Development of taste and food preferences in children

Auteur(s) :
Harris G.
Date :
Juin, 2021
Source(s) :
# p
Adresse :

Sommaire de l'article

Author(s): Harris, G (Harris, Gillian)
Source: CURRENT OPINION IN CLINICAL NUTRITION AND METABOLIC CARE Volume: 11 Issue: 3 Pages: 315-319 Published: MAY 2008

Abstract: Purpose of review
There are concerns about the rising incidence of obesity in children and their acceptance of healthy foods. Many factors affect children’s food acceptance, the most salient are those enabling early exposure to culturally appropriate foods in the weaning or pre-weaning period. Parents, however, have always observed individual differences in children’s willingness to take new foods. This review looks at studies that encompass both exposure to and genetic determinants of food acceptance.

Recent findings

Children’s willingness to take new foods and accept specific foods has strong-to-moderate heritability. This inherited willingness is moderated by cultural differences in early exposure to both the taste and texture of foods, giving rise to different patterns of food acceptance. Breast-feeding not only confers an advantage in food and taste acceptance but may also give rise to a preference for highly palatable ‘junk food’. Modelling and flavour-conditioning may also contribute to food acceptance, whereas coaxing a child to eat may impact negatively on the intake of food. Children of obese mothers, however, react to prompting by overeating rather than food refusal. This may indicate another area where food acceptance is genetically determined.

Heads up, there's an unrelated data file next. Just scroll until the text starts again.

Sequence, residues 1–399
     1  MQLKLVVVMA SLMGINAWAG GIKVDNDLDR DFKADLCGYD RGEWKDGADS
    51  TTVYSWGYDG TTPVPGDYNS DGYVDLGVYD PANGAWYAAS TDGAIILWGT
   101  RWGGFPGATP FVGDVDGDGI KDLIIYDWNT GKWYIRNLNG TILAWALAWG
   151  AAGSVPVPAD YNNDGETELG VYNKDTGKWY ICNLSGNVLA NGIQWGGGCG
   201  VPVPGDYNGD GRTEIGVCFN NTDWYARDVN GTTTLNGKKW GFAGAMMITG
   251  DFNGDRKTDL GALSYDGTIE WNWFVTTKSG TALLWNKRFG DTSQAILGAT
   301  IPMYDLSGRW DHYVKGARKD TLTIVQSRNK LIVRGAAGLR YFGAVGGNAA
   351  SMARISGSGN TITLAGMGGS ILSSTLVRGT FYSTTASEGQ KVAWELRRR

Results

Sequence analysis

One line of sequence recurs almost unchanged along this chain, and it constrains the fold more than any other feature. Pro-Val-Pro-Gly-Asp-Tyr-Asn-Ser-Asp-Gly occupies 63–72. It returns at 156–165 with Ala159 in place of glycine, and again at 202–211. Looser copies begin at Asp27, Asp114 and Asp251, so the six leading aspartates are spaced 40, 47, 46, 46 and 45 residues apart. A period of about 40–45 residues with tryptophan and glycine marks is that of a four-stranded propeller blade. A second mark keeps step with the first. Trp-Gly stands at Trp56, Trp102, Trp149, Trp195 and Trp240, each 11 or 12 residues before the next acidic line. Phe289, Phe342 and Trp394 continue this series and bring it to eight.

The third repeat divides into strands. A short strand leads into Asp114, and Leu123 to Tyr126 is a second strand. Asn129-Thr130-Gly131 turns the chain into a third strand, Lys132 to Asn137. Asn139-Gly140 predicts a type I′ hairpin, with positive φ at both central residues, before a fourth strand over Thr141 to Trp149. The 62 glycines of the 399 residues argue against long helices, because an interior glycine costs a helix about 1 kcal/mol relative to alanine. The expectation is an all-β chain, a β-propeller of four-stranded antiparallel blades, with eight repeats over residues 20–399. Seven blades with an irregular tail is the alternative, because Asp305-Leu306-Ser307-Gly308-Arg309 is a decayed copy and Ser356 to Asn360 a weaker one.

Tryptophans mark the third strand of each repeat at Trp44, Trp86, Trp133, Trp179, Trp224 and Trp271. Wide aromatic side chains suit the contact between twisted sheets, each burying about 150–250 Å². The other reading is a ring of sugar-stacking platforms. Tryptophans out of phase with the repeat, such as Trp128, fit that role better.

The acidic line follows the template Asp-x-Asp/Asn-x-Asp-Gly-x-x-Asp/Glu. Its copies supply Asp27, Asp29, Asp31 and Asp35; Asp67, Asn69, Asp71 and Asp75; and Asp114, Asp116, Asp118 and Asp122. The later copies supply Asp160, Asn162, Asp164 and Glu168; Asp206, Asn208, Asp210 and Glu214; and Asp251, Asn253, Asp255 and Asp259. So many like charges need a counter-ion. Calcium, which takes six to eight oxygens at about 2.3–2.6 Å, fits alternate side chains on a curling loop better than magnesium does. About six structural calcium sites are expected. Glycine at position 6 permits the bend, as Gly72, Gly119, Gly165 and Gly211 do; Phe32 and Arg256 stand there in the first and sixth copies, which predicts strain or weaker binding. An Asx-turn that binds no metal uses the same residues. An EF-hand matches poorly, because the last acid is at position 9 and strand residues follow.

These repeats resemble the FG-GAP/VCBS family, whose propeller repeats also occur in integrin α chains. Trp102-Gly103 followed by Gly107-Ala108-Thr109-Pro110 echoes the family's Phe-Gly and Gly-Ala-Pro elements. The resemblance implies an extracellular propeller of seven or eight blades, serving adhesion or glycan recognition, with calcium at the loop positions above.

Summary

Health intervention programmes that aim to promote a healthy diet in children should start at the weaning and, to a lesser extent, the pre-weaning stage, and target maternal diet for optimal effectiveness.

Document Type: Article
Language: English
Author Keywords: child; flavour; food; infant; taste
KeyWords Plus: YOUNG-CHILDREN; INFANTS; ACCEPTANCE; EXPERIENCES; VEGETABLES; NEOPHOBIA; EXPOSURE; MOTHERS; DIET; EAT
Addresses: Harris, G (reprint author), Univ Birmingham, Sch Psychol, Birmingham B15 2TT, W Midlands England
Univ Birmingham, Sch Psychol, Birmingham B15 2TT, W Midlands England
E-mail Addresses: g.harris@bham.ac.uk

Source : Pubmed
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